As part of recent efforts to revitalize his presidential campaign and invite younger voices from across the country in one fell swoop, U.S. Senator Cory Booker (D-NJ) led a national student press call last Thursday, where he invited many student news outlets, including The New Hampshire, to discuss his overall platform and his takes on some of the biggest conversation-starters of the 2020 election thus far. 

The 9:15 p.m. press call saw Booker, per a Facebook message from campaign press secretary Alex De Luca, strive to “highlight his record of bringing people together” and his “vision of healing our country after years of division under Donald Trump.” Along the way, the candidate responded to inquiries into his stances on issues like student debt, the impact of inclusivity and diversity on journalism, racism, U.S. relations with Israel, and climate change, among other topics. 

“…I’ve been making the theme of my campaign from the very beginning [about] the urgency of a nation, for us to come together, to heal, to recognize that we share so many common challenges, so much common pain; and we’ve got to turn that into a sense of common purpose,” Booker said in his introductory remarks. “We’ve got to have a leader that no longer divides us against each other, demeans and degrades fellow Americans but someone who is standing up every day and uniting this country, reminding us of our common bonds, and making sure that we’re elevating and lifting each other up.” 

When asked by The New Hampshire about his plan to combat student debt and how his plan compares to his rivals, Booker said he bases his plan for debt-free college on legislation he has cosponsored. A notable example is the “Debt-Free College Act,” which was introduced to the Senate this past March and aimed to “establish State-Federal partnerships” and give eligible students “the opportunity to attain higher education at in-State public institutions of higher education without debt…”  

The bill, if passed, would also provide “Federal Pell Grant eligibility to DREAMer students” and “repeal suspension of eligibility under the Higher Education Act of 1965 for drug-related offenses,” per Congress.gov. 

The senator added that his plan also requires increased action from both the federal and state governments to “relieve” students of not just tuition but “all-in costs” as well.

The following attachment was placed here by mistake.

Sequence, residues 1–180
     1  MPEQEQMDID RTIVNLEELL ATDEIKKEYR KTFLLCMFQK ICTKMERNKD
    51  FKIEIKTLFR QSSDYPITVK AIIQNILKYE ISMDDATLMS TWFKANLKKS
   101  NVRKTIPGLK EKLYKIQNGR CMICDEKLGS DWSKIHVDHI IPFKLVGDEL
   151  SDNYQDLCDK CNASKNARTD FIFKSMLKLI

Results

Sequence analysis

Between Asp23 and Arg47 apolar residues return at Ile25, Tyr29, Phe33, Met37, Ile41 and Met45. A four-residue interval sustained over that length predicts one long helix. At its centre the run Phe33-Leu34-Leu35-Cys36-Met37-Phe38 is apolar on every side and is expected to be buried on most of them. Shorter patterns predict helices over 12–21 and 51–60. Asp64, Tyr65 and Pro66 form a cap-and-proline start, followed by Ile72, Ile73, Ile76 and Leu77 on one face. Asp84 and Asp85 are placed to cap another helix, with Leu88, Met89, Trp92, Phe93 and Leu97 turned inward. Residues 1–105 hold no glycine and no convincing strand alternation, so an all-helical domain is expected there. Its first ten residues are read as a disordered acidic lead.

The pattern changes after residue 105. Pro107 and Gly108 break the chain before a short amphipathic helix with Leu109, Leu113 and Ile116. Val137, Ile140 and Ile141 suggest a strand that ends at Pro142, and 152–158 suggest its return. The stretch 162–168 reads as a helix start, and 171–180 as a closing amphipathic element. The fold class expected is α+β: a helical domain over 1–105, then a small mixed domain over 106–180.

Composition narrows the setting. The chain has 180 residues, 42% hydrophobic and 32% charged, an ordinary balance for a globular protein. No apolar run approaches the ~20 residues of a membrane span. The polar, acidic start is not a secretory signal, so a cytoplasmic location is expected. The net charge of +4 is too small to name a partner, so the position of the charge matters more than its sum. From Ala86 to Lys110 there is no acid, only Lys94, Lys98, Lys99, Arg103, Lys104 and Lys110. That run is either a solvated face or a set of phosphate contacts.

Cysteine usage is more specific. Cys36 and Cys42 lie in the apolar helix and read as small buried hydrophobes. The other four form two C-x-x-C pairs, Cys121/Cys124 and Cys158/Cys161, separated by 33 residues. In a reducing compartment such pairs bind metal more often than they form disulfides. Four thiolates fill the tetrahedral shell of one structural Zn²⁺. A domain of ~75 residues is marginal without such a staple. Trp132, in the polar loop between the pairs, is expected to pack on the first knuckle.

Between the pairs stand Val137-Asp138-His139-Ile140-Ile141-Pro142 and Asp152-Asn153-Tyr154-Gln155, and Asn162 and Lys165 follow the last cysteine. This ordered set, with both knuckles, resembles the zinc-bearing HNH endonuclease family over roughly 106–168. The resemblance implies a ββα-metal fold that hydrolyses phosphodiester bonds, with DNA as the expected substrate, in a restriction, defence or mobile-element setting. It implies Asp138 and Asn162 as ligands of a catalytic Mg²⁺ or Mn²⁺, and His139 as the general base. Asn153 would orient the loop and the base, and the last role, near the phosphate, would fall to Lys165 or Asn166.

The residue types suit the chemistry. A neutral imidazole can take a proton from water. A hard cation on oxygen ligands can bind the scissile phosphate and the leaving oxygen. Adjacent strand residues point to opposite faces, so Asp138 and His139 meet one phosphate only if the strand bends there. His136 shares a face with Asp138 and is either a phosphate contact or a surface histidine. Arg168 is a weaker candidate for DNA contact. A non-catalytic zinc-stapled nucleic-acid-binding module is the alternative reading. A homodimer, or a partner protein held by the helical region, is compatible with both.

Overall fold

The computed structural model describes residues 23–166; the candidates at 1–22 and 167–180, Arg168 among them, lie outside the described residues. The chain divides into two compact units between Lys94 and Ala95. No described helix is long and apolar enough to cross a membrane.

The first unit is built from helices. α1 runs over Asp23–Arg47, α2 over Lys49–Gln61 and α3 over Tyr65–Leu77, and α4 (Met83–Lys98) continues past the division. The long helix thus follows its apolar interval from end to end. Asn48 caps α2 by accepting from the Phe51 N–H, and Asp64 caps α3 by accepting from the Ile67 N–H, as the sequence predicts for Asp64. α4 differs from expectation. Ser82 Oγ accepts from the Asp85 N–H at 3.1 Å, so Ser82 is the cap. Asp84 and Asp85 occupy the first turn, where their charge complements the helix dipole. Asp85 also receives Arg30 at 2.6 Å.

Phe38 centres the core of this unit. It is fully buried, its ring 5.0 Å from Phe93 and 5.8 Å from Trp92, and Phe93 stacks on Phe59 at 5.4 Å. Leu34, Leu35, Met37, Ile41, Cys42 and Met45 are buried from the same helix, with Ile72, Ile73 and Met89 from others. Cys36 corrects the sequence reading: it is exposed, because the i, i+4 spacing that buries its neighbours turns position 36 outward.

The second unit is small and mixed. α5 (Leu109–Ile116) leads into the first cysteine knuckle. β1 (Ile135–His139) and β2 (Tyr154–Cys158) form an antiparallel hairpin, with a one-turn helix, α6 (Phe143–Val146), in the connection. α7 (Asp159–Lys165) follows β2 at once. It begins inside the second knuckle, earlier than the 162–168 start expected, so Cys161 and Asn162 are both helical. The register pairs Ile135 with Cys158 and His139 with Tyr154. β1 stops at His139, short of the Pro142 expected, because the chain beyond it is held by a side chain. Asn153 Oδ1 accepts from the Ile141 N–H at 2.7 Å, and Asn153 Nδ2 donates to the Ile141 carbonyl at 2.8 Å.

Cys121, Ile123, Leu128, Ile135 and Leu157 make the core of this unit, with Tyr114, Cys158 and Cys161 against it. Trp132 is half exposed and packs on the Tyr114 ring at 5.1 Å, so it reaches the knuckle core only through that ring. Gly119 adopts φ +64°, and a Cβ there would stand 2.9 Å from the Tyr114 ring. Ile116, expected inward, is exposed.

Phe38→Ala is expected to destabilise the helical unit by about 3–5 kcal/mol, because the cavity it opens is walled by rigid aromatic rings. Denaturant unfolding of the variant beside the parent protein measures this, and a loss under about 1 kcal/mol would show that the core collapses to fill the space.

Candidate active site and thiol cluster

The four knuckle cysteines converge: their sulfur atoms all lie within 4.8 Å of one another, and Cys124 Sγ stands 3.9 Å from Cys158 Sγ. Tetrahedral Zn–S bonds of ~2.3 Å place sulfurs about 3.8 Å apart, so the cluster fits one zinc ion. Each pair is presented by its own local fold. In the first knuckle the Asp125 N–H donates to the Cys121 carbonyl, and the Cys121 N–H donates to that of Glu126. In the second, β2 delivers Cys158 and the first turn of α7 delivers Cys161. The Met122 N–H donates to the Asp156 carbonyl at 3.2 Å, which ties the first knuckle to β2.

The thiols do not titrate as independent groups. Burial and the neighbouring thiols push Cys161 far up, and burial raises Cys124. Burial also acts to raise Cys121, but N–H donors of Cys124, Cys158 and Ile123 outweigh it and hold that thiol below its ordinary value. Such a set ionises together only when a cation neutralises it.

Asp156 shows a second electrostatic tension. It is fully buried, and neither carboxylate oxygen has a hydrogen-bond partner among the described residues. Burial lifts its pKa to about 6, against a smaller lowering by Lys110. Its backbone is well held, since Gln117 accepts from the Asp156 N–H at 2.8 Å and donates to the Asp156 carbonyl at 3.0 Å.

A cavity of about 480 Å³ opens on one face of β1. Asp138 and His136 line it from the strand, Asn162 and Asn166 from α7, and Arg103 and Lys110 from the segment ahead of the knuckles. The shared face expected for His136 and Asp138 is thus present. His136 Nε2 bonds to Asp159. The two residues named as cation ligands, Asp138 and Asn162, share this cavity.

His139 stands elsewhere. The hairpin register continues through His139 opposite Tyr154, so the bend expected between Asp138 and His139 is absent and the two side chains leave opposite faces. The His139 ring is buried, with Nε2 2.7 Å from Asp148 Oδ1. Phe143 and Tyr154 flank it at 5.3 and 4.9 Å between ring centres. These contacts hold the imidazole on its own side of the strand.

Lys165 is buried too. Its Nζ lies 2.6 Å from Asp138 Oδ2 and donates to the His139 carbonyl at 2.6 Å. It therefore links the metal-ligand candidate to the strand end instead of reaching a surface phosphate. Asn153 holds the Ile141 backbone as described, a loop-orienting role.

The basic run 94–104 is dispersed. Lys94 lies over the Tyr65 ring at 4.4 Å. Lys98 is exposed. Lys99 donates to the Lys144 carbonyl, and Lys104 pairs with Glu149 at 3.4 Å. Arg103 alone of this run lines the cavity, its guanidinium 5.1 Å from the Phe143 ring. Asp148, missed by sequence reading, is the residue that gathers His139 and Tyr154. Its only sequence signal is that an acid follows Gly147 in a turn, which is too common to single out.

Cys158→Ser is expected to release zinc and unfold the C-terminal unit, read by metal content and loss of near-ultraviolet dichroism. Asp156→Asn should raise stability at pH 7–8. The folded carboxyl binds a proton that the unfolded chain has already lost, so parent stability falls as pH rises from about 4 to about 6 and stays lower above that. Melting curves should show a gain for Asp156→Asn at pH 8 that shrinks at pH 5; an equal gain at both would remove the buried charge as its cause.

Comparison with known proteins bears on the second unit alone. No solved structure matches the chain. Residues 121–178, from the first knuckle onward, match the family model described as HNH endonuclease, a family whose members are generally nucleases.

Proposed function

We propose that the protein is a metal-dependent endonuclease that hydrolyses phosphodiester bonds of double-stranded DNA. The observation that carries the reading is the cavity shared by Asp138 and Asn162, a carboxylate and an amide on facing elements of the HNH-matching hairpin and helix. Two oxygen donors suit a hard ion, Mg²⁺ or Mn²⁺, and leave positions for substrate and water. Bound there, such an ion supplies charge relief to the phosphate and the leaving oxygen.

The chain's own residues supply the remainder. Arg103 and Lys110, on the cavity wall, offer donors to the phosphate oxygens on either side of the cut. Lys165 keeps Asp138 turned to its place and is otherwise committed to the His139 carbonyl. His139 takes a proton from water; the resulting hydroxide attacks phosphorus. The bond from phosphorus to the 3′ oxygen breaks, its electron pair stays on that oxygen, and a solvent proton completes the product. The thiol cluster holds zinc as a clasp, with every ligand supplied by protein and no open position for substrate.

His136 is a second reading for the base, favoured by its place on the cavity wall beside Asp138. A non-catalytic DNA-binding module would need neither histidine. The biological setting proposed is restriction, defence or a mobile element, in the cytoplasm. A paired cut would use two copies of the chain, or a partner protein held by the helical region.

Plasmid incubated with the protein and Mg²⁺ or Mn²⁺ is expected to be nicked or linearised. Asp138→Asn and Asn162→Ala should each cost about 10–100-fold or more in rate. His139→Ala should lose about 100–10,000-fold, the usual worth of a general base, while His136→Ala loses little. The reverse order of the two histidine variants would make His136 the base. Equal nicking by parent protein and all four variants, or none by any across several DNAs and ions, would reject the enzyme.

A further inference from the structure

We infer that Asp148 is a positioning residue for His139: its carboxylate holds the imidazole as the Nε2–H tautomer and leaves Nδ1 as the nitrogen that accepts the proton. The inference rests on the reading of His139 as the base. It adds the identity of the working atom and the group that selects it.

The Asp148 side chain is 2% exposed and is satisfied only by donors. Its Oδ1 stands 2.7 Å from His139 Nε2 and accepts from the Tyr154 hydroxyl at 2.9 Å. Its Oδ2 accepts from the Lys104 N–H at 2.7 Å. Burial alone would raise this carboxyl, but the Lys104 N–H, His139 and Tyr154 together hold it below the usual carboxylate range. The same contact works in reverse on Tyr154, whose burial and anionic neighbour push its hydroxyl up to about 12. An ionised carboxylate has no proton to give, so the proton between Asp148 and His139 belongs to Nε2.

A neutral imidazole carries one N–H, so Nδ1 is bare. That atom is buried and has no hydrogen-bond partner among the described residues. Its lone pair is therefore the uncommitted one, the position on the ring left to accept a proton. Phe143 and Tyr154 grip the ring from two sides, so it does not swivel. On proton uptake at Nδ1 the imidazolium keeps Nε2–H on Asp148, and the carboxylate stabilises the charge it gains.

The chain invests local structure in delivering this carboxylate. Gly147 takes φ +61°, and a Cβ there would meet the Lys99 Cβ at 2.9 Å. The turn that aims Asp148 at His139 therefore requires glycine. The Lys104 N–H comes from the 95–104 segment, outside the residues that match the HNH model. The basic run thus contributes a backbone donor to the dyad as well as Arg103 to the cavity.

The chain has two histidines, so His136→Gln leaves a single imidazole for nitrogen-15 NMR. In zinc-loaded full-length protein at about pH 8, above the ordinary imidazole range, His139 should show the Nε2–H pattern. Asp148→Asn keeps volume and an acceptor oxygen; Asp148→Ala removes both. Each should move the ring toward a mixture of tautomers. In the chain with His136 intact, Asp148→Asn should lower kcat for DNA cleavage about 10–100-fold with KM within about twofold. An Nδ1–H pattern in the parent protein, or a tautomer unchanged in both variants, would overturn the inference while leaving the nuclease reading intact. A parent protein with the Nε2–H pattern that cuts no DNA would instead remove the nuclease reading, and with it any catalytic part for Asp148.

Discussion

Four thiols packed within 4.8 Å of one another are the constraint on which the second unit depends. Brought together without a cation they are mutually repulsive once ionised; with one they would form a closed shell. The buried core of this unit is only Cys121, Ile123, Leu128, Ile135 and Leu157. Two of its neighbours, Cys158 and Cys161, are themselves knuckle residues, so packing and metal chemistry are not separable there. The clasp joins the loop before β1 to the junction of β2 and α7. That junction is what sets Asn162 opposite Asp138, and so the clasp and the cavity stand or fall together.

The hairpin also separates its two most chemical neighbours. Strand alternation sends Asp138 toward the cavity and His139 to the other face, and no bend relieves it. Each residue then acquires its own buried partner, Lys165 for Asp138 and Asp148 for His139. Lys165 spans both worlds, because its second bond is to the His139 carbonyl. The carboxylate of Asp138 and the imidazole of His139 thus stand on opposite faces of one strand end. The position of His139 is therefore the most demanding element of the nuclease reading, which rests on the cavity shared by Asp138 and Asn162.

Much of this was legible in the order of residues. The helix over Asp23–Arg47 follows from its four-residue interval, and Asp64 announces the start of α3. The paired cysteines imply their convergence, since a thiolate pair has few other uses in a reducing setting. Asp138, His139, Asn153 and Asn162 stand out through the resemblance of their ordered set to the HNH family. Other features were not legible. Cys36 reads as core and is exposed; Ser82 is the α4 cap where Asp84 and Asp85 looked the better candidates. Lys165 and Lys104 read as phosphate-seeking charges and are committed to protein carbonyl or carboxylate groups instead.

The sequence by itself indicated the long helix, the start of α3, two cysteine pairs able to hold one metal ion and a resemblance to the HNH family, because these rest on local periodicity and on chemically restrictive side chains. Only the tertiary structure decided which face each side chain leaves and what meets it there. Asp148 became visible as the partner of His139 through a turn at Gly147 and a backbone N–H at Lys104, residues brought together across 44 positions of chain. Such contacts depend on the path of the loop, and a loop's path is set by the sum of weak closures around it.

“And it’s more than that,” he said. “We believe in forgiving debts of people that are going into public interest careers like teaching or public defenders. We believe in forgiving the debt of low-income Americans who are struggling to make it or people who have been built by education schemes and loan schemes, people who are struggling right now.”  

Booker added that his plan also takes inspiration from another bill of his which promises every child born in America $1,000 in an “interest-bearing account” that would be shared by all members of the family and increase over time and be added to up to $2,000 for “every child based upon their family’s income,” meaning that lower-income children would theoretically possess up to $50,000 in that account by the time they are of college-age. 

Booker said the account could be used to help pay for college and for other long-term ventures like buying a house.  

One of Booker’s first questions came from Spelman College in Atlanta, Georgia, where a student named Lauren sought advice on how current and future journalists could do more to “include the stories of others” and welcome “narratives of all peoples” while retaining their accuracy. The senator replied that data and statistics alone are secondary compared to a journalist’s ability to express “courageous empathy” for other peoples and their experiences, which he said is a major catalyst for enacting change and inclusivity. 

“And we know this through visuals that we’ve seen…I remember my parents’ generation; the death of four girls in a bombing in Birmingham took segregation that many African Americans were experiencing and the harshness of Jim Crow from something that might have been intellectual to forcing people to see the suffering, see the challenges, see the extreme brutality,” Booker said. “So, when journalists are able to capture real-life stories, not just quoting statistics or giving dry data and information, I think that that [is] ultimately what moves peoples’ hearts and motivates people to take action and to change.”